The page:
Biomimicry and ecological restoration of shallow coastal waters

September 9th

10:30 – 12:00am

Inspired by the DRIVER project, the operations of ecological restoration and non-degradation of coastal marine habitats have been developed in an experimental and innovative way for the last fifteen years around a recent scientific discipline whose aim is to restore natural habitats, connectivity and complex ecosystem functions. To date, a planning tool (STERE), offering a complete methodology for territories, instituted by a strategic document (PAMM Western Mediterranean) which includes an atlas of areas deemed suitable for the development of a STERE illustrate the management issues in terms of effectiveness of public action and the degree of maturity acquired. Scientific expertise and monitoring have made it possible to measure the impacts but also the current limits of these operations to regain biodiversity at sea. Thus, with this solid foundation, ecological restoration must continue to improve its knowledge and its effectiveness. In parallel, Biomimicry, whose objective is the observation and understanding of the living world to innovate sustainably, is structured in an interdisciplinary approach. Drawing its principles from the living world, it allows us to envisage forms adapted to the living world, conducive to its development. It also proposes to reduce the impact of the proposed solutions on ecosystems and to contribute to their regeneration. Biomimicry is experiencing a recent boom, even a fashion effect as its potential application is great, especially for the marine environment. The meeting of these two complex disciplines in full structuring is therefore promising. Nevertheless, their growing success coupled with the complexity of working for and with the living, require to propose a shared framework so that Biomimicry becomes a tool of interest for ecological restoration. Working language: French

@Laurent Ballesta

Biomimicry and ecological restoration of shallow coastal waters

September 9th

Inspired by the DRIVER project, the operations of ecological restoration and non-degradation of coastal marine habitats have been developed in an experimental and innovative way for the last fifteen years around a recent scientific discipline whose aim is to restore natural habitats, connectivity and complex ecosystem functions. To date, a planning tool (STERE), offering a complete methodology for territories, instituted by a strategic document (PAMM Western Mediterranean) which includes an atlas of areas deemed suitable for the development of a STERE illustrate the management issues in terms of effectiveness of public action and the degree of maturity acquired. Scientific expertise and monitoring have made it possible to measure the impacts but also the current limits of these operations to regain biodiversity at sea. Thus, with this solid foundation, ecological restoration must continue to improve its knowledge and its effectiveness. In parallel, Biomimicry, whose objective is the observation and understanding of the living world to innovate sustainably, is structured in an interdisciplinary approach. Drawing its principles from the living world, it allows us to envisage forms adapted to the living world, conducive to its development. It also proposes to reduce the impact of the proposed solutions on ecosystems and to contribute to their regeneration. Biomimicry is experiencing a recent boom, even a fashion effect as its potential application is great, especially for the marine environment. The meeting of these two complex disciplines in full structuring is therefore promising. Nevertheless, their growing success coupled with the complexity of working for and with the living, require to propose a shared framework so that Biomimicry becomes a tool of interest for ecological restoration. Working language: French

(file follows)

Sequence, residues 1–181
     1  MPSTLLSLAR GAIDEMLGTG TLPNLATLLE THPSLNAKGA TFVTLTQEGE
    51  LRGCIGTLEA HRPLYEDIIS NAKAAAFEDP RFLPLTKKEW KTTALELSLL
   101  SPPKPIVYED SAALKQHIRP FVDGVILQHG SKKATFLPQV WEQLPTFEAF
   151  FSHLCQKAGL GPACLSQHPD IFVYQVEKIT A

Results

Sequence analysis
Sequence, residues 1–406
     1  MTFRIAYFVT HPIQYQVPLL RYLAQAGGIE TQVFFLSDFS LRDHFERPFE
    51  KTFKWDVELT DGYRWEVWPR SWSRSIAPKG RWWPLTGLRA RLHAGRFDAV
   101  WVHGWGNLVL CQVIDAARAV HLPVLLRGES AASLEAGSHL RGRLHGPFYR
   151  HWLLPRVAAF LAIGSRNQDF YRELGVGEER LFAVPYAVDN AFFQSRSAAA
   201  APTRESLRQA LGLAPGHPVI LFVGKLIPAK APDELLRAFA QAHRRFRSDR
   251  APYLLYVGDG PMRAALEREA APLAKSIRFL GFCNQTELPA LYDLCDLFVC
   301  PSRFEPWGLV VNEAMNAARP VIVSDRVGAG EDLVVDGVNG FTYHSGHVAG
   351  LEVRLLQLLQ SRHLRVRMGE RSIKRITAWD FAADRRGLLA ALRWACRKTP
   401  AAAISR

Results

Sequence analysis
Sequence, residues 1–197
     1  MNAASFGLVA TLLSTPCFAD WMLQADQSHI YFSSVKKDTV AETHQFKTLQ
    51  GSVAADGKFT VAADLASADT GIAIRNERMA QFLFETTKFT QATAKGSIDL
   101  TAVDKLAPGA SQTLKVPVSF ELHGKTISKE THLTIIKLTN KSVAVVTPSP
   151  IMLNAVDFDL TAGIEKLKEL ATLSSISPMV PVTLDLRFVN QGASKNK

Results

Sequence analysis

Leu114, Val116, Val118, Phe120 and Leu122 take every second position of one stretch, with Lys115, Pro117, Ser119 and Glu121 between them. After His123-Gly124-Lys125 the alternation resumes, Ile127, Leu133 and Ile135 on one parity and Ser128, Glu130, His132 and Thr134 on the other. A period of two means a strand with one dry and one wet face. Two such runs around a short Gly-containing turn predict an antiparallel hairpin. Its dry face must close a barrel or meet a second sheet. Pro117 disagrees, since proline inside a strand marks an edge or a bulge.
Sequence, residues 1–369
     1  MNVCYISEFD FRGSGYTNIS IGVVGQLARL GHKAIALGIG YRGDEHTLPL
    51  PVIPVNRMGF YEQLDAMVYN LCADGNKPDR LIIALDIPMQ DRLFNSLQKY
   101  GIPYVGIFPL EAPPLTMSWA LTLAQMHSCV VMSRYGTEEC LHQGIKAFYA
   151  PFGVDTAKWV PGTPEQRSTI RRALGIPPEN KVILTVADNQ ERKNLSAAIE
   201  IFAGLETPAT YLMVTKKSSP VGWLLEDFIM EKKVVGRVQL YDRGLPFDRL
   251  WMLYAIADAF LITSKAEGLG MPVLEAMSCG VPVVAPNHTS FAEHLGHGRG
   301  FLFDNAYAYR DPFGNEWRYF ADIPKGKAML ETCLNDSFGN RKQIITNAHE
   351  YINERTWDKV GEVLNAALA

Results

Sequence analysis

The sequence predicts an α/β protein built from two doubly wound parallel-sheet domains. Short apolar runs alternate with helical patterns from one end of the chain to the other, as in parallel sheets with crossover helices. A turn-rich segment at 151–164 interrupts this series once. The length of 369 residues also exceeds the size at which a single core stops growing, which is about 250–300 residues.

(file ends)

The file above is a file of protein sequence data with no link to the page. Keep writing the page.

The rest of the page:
@Laurent Ballesta

Speakers:

Pierre Boissery, Agence de l’eau Rhône Méditerranée Corse
Guy Herrouin, Pôle Mer Méditerranée
Olivier Bocquet, Tangram architectes
Philippe Lenfant, Université de Perpignan

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© Louis-Marie Préau